Michael Detmold: The Supreme Court and the Executive Power of History


The best Constitution in the world has, through its highest court, over-reached in two fundamental ways: it has founded its constitutional thought on a slipping meaning of ‘Parliament’ – its most important constitutional word.  And it has failed to understand history.  By this second claim, I do not mean that the history it has chosen, one way or another, is wrong.  I mean, it has failed to understand history itself.  No human thought of any sort can exist except in history: the Supreme Court has left the Constitution hanging in an ahistorical nonsense.

A partnership of powers?

In Miller (2) /Cherry (at [90]) the Court described the executive power as the junior partner and Parliament as the senior partner in the British Constitution.  But this was a muddled thought: the sovereign is Parliament, which is singular not a partnership.  It does, of course, have parts.  Putting the Queen aside for this discussion, Parliament consists of two parts, the legislature and the executive.  But these are parts, not a partnership.  This is because a partnership is always of principals, and these two powers are not principals.  Parliament itself is the sovereign and the principal.   The confusion does not stop there.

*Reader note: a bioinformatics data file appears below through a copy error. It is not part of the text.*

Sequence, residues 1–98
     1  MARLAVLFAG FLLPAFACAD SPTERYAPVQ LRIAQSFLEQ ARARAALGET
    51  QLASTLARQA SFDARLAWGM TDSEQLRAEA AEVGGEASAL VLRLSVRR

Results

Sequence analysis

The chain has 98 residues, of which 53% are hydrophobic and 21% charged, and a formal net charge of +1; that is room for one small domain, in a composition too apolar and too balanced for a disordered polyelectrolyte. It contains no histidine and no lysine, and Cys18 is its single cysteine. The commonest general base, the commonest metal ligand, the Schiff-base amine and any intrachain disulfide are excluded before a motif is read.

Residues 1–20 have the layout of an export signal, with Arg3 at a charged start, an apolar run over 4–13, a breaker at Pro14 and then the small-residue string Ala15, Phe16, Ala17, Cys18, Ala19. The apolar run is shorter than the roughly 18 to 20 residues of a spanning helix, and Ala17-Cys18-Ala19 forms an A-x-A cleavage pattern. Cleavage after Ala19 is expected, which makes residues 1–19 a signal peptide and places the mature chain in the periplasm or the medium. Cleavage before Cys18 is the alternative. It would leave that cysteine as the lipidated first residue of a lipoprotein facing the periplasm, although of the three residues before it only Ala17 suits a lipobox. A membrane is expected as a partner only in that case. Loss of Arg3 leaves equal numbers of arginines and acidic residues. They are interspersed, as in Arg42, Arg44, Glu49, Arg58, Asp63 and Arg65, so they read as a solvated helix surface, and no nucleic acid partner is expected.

Though there is no issue of partnership, there is one of relative mastery or sovereignty. For example, Parliament gives or withholds confidence as to a particular ministry (a particular executive), and insofar as it does this, it is the executive power’s master not its partner. But is there also an issue of mastery between executive and legislature? The Supreme Court (in the “partnership” passage at [90]) described a grafting between Parliament and the executive upon which it was improbable that ‘those two parties had the intention or expectation that ministers, constitutionally the junior partner in that exercise, could subsequently remove the graft without formal appropriate sanction from the constitutionally senior partner in that exercise, Parliament.’ The executive power is junior, but junior to what?